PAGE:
On the patterns of tree diversity in the Western Ghats of India
Ghate Utkarsh, N. V. Joshi and Madhav Gadgil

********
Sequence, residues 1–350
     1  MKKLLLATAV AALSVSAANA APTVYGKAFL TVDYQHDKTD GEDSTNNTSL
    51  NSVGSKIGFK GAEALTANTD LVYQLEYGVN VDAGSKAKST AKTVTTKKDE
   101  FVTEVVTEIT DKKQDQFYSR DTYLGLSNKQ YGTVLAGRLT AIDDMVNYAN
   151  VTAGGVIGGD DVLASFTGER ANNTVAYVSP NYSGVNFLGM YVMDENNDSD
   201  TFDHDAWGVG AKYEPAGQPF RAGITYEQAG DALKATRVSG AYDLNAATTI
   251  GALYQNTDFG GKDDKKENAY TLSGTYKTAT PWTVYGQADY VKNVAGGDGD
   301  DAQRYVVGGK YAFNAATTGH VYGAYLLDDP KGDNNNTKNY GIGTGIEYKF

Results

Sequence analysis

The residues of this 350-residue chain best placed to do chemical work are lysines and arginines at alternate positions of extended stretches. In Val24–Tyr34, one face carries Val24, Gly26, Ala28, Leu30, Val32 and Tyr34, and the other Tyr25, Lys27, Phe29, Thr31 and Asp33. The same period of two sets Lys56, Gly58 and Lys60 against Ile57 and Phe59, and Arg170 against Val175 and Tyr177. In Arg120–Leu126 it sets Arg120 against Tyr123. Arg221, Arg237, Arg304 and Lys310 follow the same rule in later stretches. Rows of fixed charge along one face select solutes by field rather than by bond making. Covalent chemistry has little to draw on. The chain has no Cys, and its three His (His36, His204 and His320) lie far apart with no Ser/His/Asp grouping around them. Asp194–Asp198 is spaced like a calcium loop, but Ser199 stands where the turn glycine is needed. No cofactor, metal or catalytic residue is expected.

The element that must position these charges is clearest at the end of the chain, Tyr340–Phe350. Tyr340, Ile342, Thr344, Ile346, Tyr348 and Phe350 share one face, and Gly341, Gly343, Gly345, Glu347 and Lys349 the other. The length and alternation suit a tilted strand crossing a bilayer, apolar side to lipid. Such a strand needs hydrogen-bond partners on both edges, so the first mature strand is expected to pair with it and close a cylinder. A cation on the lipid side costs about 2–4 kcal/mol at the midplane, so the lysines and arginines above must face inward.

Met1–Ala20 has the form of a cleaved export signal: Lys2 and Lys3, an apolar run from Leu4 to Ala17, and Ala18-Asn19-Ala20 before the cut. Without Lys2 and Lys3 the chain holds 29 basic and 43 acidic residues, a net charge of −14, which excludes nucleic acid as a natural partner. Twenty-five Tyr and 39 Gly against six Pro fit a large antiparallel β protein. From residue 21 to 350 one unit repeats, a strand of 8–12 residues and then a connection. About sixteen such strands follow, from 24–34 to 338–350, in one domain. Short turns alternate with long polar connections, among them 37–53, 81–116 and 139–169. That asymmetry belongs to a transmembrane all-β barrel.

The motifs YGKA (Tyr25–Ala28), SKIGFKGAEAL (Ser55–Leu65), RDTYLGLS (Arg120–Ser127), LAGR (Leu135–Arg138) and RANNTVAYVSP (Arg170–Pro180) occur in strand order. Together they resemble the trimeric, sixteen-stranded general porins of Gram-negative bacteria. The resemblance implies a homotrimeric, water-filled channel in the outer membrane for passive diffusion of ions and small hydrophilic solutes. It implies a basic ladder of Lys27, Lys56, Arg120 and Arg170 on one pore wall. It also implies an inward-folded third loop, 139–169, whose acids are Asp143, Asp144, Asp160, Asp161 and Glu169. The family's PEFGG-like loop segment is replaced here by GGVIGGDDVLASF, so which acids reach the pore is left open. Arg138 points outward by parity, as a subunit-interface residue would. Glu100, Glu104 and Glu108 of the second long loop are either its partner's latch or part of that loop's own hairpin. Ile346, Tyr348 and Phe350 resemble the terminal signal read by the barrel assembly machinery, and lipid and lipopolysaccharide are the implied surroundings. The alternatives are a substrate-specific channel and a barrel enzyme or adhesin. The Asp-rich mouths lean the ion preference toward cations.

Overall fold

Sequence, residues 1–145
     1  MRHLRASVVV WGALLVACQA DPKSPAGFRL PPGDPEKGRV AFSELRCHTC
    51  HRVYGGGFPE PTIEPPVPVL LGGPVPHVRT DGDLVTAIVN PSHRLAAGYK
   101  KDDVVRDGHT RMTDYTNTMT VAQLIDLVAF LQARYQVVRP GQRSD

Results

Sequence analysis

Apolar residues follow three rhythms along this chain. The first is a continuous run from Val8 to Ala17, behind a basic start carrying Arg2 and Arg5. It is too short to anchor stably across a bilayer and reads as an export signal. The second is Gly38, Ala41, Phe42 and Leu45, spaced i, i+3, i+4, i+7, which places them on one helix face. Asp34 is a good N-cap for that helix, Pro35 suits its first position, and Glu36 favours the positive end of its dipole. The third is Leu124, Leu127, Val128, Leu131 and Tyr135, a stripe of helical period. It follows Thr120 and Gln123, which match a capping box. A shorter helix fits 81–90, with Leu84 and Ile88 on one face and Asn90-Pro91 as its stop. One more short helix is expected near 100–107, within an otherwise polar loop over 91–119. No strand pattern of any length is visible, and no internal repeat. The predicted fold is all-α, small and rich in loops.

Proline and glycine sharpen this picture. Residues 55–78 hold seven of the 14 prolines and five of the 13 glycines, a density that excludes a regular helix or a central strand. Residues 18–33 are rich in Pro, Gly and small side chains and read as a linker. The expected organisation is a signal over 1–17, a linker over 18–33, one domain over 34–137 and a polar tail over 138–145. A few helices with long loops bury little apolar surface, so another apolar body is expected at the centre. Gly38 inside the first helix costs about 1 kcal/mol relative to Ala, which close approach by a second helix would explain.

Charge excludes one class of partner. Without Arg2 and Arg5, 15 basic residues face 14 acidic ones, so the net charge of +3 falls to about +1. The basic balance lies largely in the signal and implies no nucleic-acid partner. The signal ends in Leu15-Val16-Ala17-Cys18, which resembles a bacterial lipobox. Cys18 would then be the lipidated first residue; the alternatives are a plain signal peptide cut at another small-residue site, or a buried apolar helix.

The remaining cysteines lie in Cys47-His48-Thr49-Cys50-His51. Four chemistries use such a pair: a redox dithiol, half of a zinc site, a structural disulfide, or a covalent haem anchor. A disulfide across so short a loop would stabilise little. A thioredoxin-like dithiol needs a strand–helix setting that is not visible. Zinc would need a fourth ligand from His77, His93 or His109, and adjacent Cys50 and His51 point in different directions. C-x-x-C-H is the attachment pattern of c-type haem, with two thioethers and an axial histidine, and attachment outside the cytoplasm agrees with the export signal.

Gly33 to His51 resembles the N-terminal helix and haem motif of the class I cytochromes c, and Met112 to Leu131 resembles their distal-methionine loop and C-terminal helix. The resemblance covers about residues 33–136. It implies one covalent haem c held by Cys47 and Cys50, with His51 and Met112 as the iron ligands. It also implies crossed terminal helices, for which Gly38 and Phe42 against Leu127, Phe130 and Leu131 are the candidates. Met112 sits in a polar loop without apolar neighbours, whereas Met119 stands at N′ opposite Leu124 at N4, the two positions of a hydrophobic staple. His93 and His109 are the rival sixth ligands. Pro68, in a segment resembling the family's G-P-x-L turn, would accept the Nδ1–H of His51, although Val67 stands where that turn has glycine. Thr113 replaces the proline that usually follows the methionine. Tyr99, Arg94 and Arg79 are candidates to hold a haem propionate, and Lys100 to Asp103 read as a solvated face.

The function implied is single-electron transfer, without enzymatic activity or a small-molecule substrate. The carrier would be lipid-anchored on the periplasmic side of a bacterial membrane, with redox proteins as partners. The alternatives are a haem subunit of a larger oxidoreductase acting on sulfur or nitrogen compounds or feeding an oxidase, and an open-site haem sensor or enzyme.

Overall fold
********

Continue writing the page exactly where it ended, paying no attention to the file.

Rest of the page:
We have explored in the Western Ghats the patterns of tree diversity in relation to vegetation types which have been primarily defined on the basis of structure and phenology. A total of 20,785 individuals, belonging to 398 species, were enumerated along 108 belt transects covering a total area of 75 ha, from localities that spanned the entire length of the hill chain of the Western Ghats (8°N to 21°N latitude and 73°E to 75°E longitude) in peninsular India. These transects were assigned to 7 vegetation types and were shown to be distinctive in species composition. These types include closed canopy evergreen, semi-closed canopy evergreen, stunted evergreen, semievergreen, moist deciduous, dry deciduous forests, and scrub/savanna vegetation. Dry deciduous forests with low levels of density and diversity harbour a rather exclusive set of species. The most diverse tree assemblages belong to the semievergreen forest type, which harbours widespread species extensively shared with other vegetation types. The semiclosed evergreen forests resemple semievergreen forests in many ways. In contrast, the stunted evergreen forests and scrub/savanna exhibit low values of tree density and diversity; their component species have very weak tendencies to co-occur with each other. The evergreen and moist deciduous forests exhibit moderate levels of distinctiveness of species composition. The evergreen forests however resemble dry deciduous forests in harbouring species with a strong tendency to co-occur and many species with restricted distributions. More moist vegetation types shelter a higher proportion of evergreen and endemic trees and a lower proportion of medicinally-useful species. These results have significant implications for devising a sampling strategy.
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